The case study for this dynamic is the automobile sector. The combination of high demand and supply shortages has led to historically low inventories. Customers are lining up to buy cars but are finding the dealer lots empty. It's a seller's market, and prices have soared. New car prices are up nearly 15 percent since the start of the pandemic, and used car prices have skyrocketed, rising more than 50 percent.
Another prominent example is housing. With remote work policies in place, many people have relocated—buying larger homes in the South, in the suburbs, and in more affordable cities. This shift has caused demand for housing in some regions to far outstrip supply, while new housing construction has been held back by shortages in labor and materials. The imbalance between demand and supply has led to bidding wars. Homes have sailed off the market at record prices, with many purchased sight unseen. This combination of high demand and crimped supply has also resulted in rapid increases in rents, especially for apartments coming onto the market.
The second major imbalance is in the labor market, where overall demand far exceeds existing supply. The ratio of job vacancies to the unemployed is near its all-time high, workers are quitting jobs at a record rate, and employers are bidding up wages. This sizzling hot labor market is also related to the imbalance between demand and supply for goods and housing, as businesses seek to hire more workers to help meet the high demand. And labor supply shortages and rising labor costs are contributing to price pressures across a wide range of goods and services.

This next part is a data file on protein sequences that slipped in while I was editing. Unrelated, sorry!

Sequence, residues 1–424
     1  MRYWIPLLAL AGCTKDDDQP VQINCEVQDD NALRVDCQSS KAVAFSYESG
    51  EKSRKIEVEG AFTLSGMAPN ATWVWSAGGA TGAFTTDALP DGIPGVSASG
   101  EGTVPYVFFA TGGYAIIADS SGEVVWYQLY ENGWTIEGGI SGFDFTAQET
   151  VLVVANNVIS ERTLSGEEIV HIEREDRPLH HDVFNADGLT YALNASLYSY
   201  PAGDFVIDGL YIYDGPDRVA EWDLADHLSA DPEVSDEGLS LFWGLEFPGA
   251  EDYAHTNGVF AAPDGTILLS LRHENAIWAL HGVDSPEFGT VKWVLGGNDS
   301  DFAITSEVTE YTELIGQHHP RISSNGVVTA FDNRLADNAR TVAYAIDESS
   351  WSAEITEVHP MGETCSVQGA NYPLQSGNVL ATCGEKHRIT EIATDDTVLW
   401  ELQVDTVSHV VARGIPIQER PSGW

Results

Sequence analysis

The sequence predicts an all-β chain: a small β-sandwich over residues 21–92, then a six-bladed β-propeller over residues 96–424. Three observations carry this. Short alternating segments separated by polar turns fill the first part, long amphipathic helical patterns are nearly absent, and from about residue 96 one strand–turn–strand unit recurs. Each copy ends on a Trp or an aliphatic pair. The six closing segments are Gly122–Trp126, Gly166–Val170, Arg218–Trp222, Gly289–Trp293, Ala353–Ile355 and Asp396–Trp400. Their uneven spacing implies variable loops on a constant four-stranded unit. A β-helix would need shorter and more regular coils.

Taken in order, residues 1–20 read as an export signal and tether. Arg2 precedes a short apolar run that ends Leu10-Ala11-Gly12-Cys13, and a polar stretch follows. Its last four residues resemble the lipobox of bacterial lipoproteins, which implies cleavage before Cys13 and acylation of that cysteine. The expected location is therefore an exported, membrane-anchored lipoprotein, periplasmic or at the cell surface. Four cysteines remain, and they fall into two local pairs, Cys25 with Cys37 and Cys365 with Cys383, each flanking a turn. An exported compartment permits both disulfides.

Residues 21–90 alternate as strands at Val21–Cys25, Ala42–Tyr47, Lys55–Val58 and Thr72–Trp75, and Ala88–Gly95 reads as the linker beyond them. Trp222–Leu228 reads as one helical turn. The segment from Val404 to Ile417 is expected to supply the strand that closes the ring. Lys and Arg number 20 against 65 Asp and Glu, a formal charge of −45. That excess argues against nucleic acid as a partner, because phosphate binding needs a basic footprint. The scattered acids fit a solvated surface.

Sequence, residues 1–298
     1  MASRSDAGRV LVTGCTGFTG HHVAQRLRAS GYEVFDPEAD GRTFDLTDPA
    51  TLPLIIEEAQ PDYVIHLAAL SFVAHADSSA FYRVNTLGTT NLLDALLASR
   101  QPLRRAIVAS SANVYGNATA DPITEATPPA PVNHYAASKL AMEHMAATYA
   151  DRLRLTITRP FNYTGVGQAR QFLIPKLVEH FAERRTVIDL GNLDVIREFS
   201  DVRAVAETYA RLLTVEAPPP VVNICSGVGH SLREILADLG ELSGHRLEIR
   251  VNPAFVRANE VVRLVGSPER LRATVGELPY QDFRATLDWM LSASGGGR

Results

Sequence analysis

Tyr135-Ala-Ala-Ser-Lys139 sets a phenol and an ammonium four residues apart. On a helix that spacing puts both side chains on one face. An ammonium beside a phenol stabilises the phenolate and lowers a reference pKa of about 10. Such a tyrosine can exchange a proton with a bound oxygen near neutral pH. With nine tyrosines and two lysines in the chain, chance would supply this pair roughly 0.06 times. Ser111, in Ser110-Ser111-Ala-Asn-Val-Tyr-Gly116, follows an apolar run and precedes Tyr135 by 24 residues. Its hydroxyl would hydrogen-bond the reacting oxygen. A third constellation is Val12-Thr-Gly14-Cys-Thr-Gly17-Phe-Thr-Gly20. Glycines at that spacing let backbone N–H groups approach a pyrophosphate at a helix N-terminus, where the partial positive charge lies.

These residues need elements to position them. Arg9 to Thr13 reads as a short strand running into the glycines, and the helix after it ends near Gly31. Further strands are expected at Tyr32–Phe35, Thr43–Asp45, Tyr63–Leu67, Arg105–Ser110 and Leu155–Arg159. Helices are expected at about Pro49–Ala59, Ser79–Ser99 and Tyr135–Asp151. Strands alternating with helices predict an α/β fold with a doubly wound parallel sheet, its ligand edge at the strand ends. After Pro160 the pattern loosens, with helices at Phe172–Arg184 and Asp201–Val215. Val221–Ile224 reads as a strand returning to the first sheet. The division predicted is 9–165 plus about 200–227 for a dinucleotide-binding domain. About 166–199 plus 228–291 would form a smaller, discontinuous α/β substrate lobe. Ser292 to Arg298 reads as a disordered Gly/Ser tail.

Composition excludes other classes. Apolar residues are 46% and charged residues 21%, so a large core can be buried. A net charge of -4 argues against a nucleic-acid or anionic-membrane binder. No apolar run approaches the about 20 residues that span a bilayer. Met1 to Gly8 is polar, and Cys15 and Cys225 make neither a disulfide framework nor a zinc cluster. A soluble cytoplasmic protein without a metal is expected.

Finally, global imbalances in supply and demand have also contributed to supply-chain problems that have affected the availability and costs of shipping, as well as a variety of inputs into production—including semiconductor chips used in making cars. The war in Ukraine and recent lockdowns in China have further constrained the global supply of goods and commodities, including food and energy.
Turning Down the Heat
With clear signs of demand exceeding supply and an economy running too hot, the primary focus of monetary policy is to turn down the heat and restore price stability.
Although we are facing highly unusual and challenging circumstances, I am confident we have the right tools to achieve our goals. In fact, we have an advantage over previous inflationary episodes: Our monetary policy tools are especially powerful in the very sectors where we see the greatest imbalances and signs of overheating—such as durable goods and housing. Higher interest rates will cool demand in these rate-sensitive sectors to levels better aligned with supply. This will also turn down the heat in the labor market, reducing the imbalance between job openings and available labor supply.